TUPELO • Since 2006, the Renasant Center for IDEAs has served as a business incubator for dozens of up-and-coming businesses.

Among the highly successful “graduates” are Hyperion Technology and Mabus Agency, which have grown and expanded their businesses over the years.

Shirley Hendrix of R&B Specialty Printing and Letisha Jackson of Jackson Insurance Group have each been at the Renasant Center for a couple of years and are growing their businesses as well. On Monday, they shared their knowledge and experience with more than a dozen would-be entrepreneurs, offering their advice to an attentive audience.

Hendrix and Jackson decided to offer the free seminar after being approached many times by those asking for advice. And they were happy to oblige.

“They really want to know how to move forward in their business ventures,” Hendrix said. “I want everyone to win, because we’re all in this together.”

Among the tips she offered:

• Find a niche that makes your product or service unique.

• Be authentic, consistent and focused.

• Have a passion for the business.

But Hendrix also said not all ideas will work. Being willing to move on is key, she said.

“Do a little research; you don’t necessarily have to give up on it, you just might have to adjust the idea,” she said.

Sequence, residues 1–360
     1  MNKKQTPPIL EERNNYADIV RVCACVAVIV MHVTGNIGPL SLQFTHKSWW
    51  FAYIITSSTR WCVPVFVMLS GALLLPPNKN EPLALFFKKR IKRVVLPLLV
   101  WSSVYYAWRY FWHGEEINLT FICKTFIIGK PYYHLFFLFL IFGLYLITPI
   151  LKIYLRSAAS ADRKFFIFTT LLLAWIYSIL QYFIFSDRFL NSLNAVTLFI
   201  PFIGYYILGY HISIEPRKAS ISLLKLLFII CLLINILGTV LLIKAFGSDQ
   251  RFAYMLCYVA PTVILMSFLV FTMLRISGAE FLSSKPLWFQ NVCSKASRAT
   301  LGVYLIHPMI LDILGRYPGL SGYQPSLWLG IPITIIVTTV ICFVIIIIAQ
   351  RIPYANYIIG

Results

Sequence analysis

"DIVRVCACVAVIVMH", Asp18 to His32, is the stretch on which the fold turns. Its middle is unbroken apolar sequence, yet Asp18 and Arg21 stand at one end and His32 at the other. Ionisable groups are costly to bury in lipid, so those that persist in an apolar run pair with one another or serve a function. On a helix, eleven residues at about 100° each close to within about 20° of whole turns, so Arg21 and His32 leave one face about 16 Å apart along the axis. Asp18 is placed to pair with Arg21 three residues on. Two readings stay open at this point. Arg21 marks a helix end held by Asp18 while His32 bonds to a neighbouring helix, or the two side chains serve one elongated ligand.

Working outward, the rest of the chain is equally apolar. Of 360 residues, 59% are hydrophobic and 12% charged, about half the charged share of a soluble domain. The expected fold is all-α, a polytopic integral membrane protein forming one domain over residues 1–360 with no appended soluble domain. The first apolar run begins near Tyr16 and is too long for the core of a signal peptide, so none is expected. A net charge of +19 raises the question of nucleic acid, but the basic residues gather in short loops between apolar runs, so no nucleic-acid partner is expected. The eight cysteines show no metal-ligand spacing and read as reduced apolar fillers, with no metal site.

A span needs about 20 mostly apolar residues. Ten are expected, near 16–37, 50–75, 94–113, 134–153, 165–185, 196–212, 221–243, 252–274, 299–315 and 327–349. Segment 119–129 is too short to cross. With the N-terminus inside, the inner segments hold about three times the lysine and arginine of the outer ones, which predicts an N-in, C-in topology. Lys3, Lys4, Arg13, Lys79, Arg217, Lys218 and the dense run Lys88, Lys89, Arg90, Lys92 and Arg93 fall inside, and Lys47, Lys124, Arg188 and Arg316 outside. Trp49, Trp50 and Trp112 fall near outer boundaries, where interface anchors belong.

Hendrix’s printing business started as a part-time hobby in 2001 and she went full-time with it a few years ago. One of the obstacles she had to overcome was the closure of her restaurant, Shirley’s Place, after about 18 months.

“You can’t be afraid of failure,” she said. “Look – I’m still here, aren’t I?”

Jackson graduated from the incubator and last year moved to the first floor in a bigger office for the insurance company that she founded with her husband. She, too, was eager to share her experiences with the ups and downs of building a business.

“I want to tell them the importance of having someone to talk to, to show them the ropes and share with them things they don’t get on an everyday basis,” she said. “Once you’re able to get those resources that are available to you, it’s really up to you to go and get it.”

Jackson started her business at home and has added several employees in the last year.

“We want to share what we know and just encourage others with their businesses. If you fail, get back up and try again,” Jackson said. “And you need to have that circle of people that can continue to push you to keep going.”

Hendrix said attending ribbon cutting ceremonies, grand openings and other events is important for small business owners to not only show they care about their fellow businesses, but also to create a network with others.

“You have to let them know you’re out there, and maybe they can turn to you for something one day,” she said. “Relationships are important.”

dennis.seid@journalinc.com Twitter: @dennisseid

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